26 Field of Dreams “If you build it they will come” Building an MCH life course organization requires patience, commitment and sacrifice. The seeds we plant today will require at least one generation before we can see lasting changes. The knowledge that the concept and standardization of prenatal care is only 30 years old provides optimism in the face of moving the life course perspective from theory to practice.

27 27 Spectrum of Work for MCH Life Course Organization Building Public Health Social Movement Health System Case Management - Title V Funds Health Education - Regionalization Outreach -Harlem Hospital Perinatal Mood Disorders- Birthing Center Interconceptional Care Housing Home Ownership Affordable Housing Base Building- St. Nicks Legislative Agenda Reauthorize Healthy Start SCHIP Minimum Wage Legislation Women’s Health Financing Child Welfare Preventive Services Foster Care Services Parenting Workshops Newborn Home Visiting COPS Waiver Early Childhood Early Head Start Head Start UPK Choir Academy Economic Opportunities Harlem Works Financial Literacy LPN RN Training Program Union Employment Micro Lending Savings Empowerment Zone BirthYoung AdultPre-teenTeen Early Childhood Women over 35

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29 HISTORY & PRINCIPLES OF MASS MOVEMENTS  SHARED PERCEPTION THAT A GROUP IS DENIED RIGHTS, SAFTEY, OPPORTUNITY OR RESPECT  THE ESSENCE OF MASS MOVEMENTS ARE THAT THEY NARROW THE GAP BETWEEN IDEALS AND THE CURRENT REALITY OF A GROUP  PARTCIPANTS SHOULD BE THE AGENTS OF THEIR OWN CHANGE! 29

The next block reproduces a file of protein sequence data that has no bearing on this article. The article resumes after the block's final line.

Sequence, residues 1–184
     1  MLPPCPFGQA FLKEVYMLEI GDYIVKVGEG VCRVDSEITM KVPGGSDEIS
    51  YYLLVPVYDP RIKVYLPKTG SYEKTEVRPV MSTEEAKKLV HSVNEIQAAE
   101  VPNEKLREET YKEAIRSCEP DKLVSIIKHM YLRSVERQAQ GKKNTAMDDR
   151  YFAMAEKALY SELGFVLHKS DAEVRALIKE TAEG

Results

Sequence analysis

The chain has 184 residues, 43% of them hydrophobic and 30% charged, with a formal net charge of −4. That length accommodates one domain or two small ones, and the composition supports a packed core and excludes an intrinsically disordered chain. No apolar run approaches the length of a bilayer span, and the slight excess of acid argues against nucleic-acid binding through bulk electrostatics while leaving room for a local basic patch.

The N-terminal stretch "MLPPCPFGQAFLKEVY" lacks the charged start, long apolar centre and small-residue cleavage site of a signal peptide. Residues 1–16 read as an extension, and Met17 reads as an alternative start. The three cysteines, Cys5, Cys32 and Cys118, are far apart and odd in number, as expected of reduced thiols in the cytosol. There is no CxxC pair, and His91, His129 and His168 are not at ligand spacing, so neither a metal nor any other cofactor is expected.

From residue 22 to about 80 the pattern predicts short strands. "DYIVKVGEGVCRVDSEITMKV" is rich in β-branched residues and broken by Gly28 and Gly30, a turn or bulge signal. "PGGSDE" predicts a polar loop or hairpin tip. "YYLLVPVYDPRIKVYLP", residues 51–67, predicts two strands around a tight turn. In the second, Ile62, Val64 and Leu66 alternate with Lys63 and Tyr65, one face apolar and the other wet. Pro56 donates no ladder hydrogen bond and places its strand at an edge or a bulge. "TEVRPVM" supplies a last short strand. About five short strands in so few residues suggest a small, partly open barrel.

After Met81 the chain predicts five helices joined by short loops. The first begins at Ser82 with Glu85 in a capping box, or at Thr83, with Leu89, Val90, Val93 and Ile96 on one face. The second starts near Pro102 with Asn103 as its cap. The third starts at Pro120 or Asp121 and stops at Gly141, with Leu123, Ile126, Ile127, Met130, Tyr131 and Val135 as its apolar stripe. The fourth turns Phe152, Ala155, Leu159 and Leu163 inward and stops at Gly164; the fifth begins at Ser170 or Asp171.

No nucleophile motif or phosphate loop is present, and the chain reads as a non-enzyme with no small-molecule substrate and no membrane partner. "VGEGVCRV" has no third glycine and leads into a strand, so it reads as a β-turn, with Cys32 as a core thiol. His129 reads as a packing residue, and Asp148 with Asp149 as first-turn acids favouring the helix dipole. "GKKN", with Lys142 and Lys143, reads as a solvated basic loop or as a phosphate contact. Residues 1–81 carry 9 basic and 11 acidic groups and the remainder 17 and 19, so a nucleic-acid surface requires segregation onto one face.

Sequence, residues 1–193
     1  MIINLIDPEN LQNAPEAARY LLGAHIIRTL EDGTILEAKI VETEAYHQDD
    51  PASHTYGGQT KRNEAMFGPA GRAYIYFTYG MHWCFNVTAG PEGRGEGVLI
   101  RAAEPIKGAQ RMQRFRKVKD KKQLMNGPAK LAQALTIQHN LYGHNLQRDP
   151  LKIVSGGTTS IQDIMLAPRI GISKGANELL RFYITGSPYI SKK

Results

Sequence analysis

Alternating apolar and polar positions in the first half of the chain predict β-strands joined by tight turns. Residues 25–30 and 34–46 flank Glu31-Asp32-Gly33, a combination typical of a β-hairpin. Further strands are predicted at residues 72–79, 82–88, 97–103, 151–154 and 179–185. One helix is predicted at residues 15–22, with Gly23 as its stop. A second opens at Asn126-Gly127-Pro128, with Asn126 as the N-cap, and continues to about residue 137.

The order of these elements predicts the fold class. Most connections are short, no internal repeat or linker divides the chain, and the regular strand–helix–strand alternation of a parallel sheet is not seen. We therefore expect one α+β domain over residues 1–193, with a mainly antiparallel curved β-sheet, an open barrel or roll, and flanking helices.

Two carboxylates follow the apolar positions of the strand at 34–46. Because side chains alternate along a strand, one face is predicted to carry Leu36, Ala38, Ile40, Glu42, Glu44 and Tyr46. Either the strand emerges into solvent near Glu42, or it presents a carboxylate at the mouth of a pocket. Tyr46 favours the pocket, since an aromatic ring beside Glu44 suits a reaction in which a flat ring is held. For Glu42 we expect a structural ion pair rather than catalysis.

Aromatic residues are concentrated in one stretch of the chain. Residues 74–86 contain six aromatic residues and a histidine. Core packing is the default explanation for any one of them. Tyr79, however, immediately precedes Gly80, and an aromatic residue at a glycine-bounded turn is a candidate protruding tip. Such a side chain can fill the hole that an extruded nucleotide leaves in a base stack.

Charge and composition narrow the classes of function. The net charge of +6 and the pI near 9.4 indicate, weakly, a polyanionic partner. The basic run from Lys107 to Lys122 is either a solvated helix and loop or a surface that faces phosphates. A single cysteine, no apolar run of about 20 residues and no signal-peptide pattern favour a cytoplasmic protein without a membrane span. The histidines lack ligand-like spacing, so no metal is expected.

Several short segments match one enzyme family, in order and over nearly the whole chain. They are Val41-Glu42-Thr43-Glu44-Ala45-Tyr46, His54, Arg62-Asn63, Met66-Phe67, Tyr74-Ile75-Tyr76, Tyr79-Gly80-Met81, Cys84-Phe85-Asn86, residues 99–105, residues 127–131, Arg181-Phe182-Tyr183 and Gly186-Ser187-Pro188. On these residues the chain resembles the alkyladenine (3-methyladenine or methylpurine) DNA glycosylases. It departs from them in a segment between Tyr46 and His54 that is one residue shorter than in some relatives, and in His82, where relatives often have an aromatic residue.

30 HISTORY & PRINCIPLES OF MASS MOVEMENTS  ONLY SINCE THE 1900’S HAVE MASS MOVEMENTS BEEN USED AS AN INTERVENTION TO ADDRESS BROAD PUBLIC HEALTH CONCERNS IN LATIN AMERICA, AFRICA AND THE UNITED STATES 30

31 Examples of Historical Social Movements  Civil rights  Women’s Suffrage  Feminism  Black Power  French Revolution  Cultural and international revolutions

32 WORKING DEFINITION OF PUBLIC HEALTH SOCIAL MOVEMENT/COMMUNITY MOBILIZATION  Public health mass movements are defined as a capacity-building process through which community individuals, groups, or organizations plan, carry out, and evaluate activities on a participatory and sustained basis to improve their health, transform the health delivery system and address other needs, either on their own initiative or stimulated by others.

33 WORKING DEFINITION OF PUBLIC HEALTH SOCIAL MOVEMENT/COMMUNITY MOBILIZATION  At the end of the process, movement participants possess more skills and societal and public health changes can be measured.

34 Strategies to Mobilizing & Organizing a Public Health Social Movement 1. Build the organizational structure for Tarrant County’s public health social movement. 2. Declare and establish a state of emergency in Tarrant County about infant health and infant mortality. 3. Demystify the concept of infant mortality for the common folk and key sectors of civil society in Tarrant County. 4. Secure Tarrant County’s leadership team. 5. Secure strategic champions for Tarrant County’s movement. 6. Include measurable results for accountability.

35 Strategies to Mobilizing & Organizing a Public Health Social Movement 1. Build the organizational structure for Tarrant County’s public health social movement. Action steps  Identify existing entities that support a MCHLCO framework.  Assess internal capacity of existing entities and build internal capacity for new structures.  Where capacity is weak form collaborations.  Conduct program review/program planning/program re-deployment.